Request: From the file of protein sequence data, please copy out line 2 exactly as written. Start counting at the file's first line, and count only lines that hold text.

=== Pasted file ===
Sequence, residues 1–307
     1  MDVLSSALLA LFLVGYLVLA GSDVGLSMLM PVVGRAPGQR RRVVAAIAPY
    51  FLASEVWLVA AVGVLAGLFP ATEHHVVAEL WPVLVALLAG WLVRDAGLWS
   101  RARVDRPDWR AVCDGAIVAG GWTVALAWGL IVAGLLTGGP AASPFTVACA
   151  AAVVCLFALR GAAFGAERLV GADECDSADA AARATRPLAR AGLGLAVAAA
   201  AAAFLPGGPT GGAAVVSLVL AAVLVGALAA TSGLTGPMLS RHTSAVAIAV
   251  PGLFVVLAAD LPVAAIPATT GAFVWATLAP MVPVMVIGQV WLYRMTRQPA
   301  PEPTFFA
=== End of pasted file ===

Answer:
     1  MDVLSSALLA LFLVGYLVLA GSDVGLSMLM PVVGRAPGQR RRVVAAIAPY